Friday, September 19, 2014


Another crazy summer, another three months with no blogging. I just have to accept that no coherent blog can be written by me in the summer. Since my last post I've spent 11 days in Alaska in June, had three shows in July, spent 12 days (and did two shows) in the Keweenaw Peninsula in Michigan's U.P., and traveled to Bloomington, Indiana and Atlanta, Georgia for shows in late August/September. I honestly don't know how artists who spend their summers on the road do it. I'm exhausted and I get to spend most nights in my own bed.

So I debated about which trip to blog about first--the Alaska birding trip I took with my mom and aunt; our trip last summer to North Dakota and Theodore Roosevelt National Park; or various birding trips of the past eight months. Alaska won out because, well, it's ALASKA.

This trip was a birding tour lead by Bill Sweetman of Bsweet Tours. It had been advertised on Michigan Audubon's Facebook page, and when I saw it in January, my mom and I were in the midst of trying to find a trip to do together this year. The price seemed more than reasonable for a 10-day tour, and included all travel in Alaska, lodging, breakfast and lunch. All we had to do was get to Anchorage and buy our own dinners. My mom paid for the tour itself, as that was beyond my artist's means, even at the relatively low cost. My aunt found out about our plans and joined us. In all there were nine participants plus Bill.

We arrived at Detroit Metro early on May 29th to catch our flight to Seattle. Mom had the window seat but I could catch the views too. I took some shots out the plane window with my iPhone. I had chosen seats that would place us on the north and east sides of the plane so the sun wouldn't be blasting in.

Potholes region of North Dakota. We drove through this area last summer.
It is a huge breeding area for waterfowl.

The sky was clear until we reached the mountains, where cracks in the clouds revealed snow-covered peaks below. I am not certain which peak this is, but it might be Mt. Ranier.

Mt. Ranier? peaking through the clouds.

Our descent to Seattle-Tacoma airport brought us above the city. You can see the Space Needle in the center of this image.

Seattle and the Puget Sound.

We had a layover in Seattle of a couple hours which allowed us to have a leisurely lunch. Several of the other tour participants met us there, including Bill and my aunt Terry. We boarded an Alaska Airlines flight to Anchorage, which took us up along the Northwest Coast. It was a spectacular sight.

Northwest Coast.  Canada? Alaska?

This is from my journal, written as we flew above the coast:

"Soaring along at 35,00 feet, high above the clouds, I look down through the gaps and see snow-capped peaks and the jagged edges of the coast, green islands surrounded by blue. I am struck by the vastness of it, the seeming endlessness of it all. There is so much to do, so much to see, that I would need three lifetimes to do it all. The world is an infinitely beautiful place. I want to experience as much of it as I can in the time I have left. I want to revel in it. I want to see it and feel it and taste it. I want to fall in love with it, over and over again. I've lived half my life. I've spent far too much time feeling afraid, or lonely, or guilty. I'm done with that. I'm done with negative things. I am ready for joy. For love. I am ready to be shattered."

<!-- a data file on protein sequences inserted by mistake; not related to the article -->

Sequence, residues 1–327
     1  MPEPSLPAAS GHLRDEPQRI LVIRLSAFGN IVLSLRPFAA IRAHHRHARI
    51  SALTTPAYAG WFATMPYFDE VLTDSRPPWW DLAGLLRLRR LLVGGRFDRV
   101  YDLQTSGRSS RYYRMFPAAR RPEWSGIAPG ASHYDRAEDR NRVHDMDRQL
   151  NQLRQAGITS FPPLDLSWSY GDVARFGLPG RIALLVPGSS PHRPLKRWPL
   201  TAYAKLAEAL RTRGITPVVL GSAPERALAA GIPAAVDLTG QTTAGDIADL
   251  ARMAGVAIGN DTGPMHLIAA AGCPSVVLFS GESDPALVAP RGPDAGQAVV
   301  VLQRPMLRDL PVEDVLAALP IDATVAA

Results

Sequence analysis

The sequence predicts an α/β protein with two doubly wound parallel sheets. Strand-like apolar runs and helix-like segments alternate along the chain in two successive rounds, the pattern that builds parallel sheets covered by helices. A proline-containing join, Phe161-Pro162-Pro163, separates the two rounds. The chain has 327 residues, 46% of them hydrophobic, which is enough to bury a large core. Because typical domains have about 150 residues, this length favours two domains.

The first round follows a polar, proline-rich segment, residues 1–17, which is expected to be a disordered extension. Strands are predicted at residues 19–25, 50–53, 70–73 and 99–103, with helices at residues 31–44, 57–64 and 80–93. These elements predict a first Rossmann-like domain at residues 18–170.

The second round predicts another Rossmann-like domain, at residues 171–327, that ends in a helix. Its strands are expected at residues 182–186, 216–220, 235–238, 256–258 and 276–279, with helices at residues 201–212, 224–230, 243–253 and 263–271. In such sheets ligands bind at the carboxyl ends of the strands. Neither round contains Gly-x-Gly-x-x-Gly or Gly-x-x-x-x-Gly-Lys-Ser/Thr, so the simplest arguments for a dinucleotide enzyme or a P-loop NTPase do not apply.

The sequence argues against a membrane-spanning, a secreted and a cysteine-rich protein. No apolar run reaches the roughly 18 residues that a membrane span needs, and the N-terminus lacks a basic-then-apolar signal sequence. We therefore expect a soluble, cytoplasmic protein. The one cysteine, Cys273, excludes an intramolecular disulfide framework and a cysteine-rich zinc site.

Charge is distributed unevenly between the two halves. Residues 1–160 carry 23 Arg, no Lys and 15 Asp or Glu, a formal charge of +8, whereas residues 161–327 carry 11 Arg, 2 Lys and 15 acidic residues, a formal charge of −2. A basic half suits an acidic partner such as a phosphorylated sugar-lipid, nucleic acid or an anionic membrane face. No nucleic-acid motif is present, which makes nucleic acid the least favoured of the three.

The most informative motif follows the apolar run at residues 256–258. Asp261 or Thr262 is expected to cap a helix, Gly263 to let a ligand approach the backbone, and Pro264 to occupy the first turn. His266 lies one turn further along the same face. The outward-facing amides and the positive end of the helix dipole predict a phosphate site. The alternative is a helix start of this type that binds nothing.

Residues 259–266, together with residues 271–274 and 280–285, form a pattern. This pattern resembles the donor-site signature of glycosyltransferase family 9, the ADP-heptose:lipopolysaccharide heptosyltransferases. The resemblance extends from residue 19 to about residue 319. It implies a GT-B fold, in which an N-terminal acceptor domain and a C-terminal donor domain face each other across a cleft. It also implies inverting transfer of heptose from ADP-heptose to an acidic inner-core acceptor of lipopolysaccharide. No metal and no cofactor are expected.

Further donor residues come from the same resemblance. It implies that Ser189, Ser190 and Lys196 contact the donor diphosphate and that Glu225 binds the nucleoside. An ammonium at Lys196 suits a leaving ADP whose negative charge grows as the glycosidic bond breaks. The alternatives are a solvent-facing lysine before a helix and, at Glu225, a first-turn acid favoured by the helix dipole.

Heady stuff at 35,000 feet!

As we neared Anchorage the clouds thickened and lowered, so that when we finally slipped below them we were flying low above what I believe is the Kenai NWR. The Chugach Mountains rose up in the distance.

Kenai NWR from the air.

By the time we got to the Coast International Hotel, which is right next to the airport, it was around 7 pm, which was 11 pm Eastern time. I was tired but needed to stretch my legs after so many hours sitting. I found a path near the hotel that eventually led to a park (I did not get the name). The first thing I saw was this notice posted on a board at the parking lot. Welcome to Alaska!

Moose warning! Cow separated from calf and she's mad about it!

The park offered good views of the nearby mountains, though I have no idea which ones these are. The unfamiliar surroundings plus the low clouds and flat light meant I didn't know which direction I was headed.

View from the park trail.

Who can resist paper birch!

I did not see an angry moose, thankfully, but did add my first new bird during my walk, a Black-billed Magpie. I would eventually add 66 new birds on this trip.

Back at the hotel, I did my best to sleep. The sun doesn't set in Anchorage in late May until 1 am or so. By the time I settled into bed it was 2 am Eastern time--I'd been up for 20 hours. That was doable when I was 25--not so much at 47!

Totem pole outside the Coast International Hotel.

Next: Flight to Nome, Safety Sound and Council Road.

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